Like everyone in this industry, I have done more than my fair share of seafood-related travelling.
I have experienced the rainbow-stained hustle of India, the spice-scented drive and ingenuity of China, meandered dirt roads by the Mekong, and dirty roads by the Thames, ridden a train through lush Galician countryside and a car through Brazilian cities I was told to lock all the doors on at traffic lights.
But, while my first travels raised goose bumps, they are now more prone to give me deep vein thrombosis, so it is always a pleasure to find a new experience.
So I was pretty happy to attend the Global Seafood Marketing Conference in Orlando, Florida, last month, which felt not just like a new experience, but a journey to the land before time.
And it gave me some insight into why the world's second-largest market for seafood isn't growing.
For starters, there's far too much focus on farmed shrimp in the US market. I understand. Shrimp is delicious. But in the United Kingdom, warmwater "prawns"(as we call them) aren't God's gift to man. They're a nice treat paired with chili and garlic, to be enjoyed as one might enjoy a nice beef steak.
American seafood companies' over-focus on the species has led it into some dark places -- bulk shrimp rings drowned in cocktail sauce, or deep fried into "popcorn shrimp," "boom boom shrimp" or, of course, my favorite, "bang bang" shrimp.
And then there's the packaging. Apparently skin packs -- an invention that has long been used in the UK market -- are a revolution on par with the discovery of the wheel. They are still being spoken about in the US industry in the kind of hushed whispers generally withheld for news of an affair amongst your colleagues.
And this brings me onto the sneaking. Market seafood for what it is? A healthy, tasty, delicate protein that is quick to cook but beautiful to present? No, just find the blandest, most tasteless fish you can and sell it on the basis that it can be covered with breading, or with a sauce (hello, pangasius, tilapia and pollock). It should be noted that the fish showing the most growth in the US market right now, farmed salmon, isn't bland at all.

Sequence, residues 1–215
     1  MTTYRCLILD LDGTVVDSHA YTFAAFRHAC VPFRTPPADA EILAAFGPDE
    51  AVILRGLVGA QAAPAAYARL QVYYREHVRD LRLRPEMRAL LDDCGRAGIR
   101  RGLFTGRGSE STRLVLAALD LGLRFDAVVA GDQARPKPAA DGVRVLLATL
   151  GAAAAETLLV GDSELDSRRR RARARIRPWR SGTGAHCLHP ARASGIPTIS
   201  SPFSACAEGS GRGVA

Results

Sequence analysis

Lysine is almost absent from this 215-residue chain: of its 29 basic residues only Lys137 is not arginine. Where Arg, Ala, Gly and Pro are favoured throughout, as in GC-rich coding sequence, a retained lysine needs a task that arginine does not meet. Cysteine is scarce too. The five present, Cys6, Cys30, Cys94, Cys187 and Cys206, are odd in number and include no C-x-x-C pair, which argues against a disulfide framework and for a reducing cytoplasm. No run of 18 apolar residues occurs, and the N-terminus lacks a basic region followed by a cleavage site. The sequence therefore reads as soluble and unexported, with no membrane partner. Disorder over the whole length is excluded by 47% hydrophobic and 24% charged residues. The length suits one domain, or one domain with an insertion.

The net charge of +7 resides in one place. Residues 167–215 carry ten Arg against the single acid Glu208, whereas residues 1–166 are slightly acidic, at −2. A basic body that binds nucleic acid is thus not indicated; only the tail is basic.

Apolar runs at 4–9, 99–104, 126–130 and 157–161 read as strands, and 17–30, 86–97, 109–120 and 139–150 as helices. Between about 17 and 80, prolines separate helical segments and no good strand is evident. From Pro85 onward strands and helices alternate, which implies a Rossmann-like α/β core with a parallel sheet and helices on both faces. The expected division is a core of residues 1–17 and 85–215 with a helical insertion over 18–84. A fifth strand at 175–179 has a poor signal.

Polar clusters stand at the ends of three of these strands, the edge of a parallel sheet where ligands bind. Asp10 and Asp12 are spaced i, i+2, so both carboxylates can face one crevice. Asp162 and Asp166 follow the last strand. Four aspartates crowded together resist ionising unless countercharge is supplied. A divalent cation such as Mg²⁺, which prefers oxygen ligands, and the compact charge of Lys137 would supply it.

The obsession with Lent is also confusing. Yes, Europe understands the concept of Lent, and I suppose we still occasionally chow down on a few pancakes the day before, but this apparently heavy reliance on such a tenuous and socially fragile construct seems pretty risky.
A story in Christianity Daily, of all outlets, notes that Lent is a fading custom, and speculates that the fact "the Lenten season has to do with giving up pleasures might have to do with its lack of popularity among Americans."
So while Europeans are vilified as secular heathens, the notoriously religious American populace is fast moving away from it. So much attention on a six-week-long holiday seems like an anachronism. Also: THIS.
My Nan used to say "Friday Fish Day." But my Nan is now 97, has no teeth and no longer eats anything beyond boiled eggs.
Fish Friday also came up: another bizarrely antiquated notion. My Nan used to say "Friday Fish Day." But my Nan is now 97, has no teeth and no longer eats anything beyond boiled eggs.
Wondering how to battle the growth in seafood consumption in the US? Accept some truths: The world has shifted. Millennials and Gen Zers aren't looking for Lent, fish sticks or popcorn shrimp. They want plant-based foods, they want low carbon footprints and they want exotic flavors.
For a market with such huge buying power and an extensive seafood tradition, more imagination needs to be going into bringing the protein back to the fore.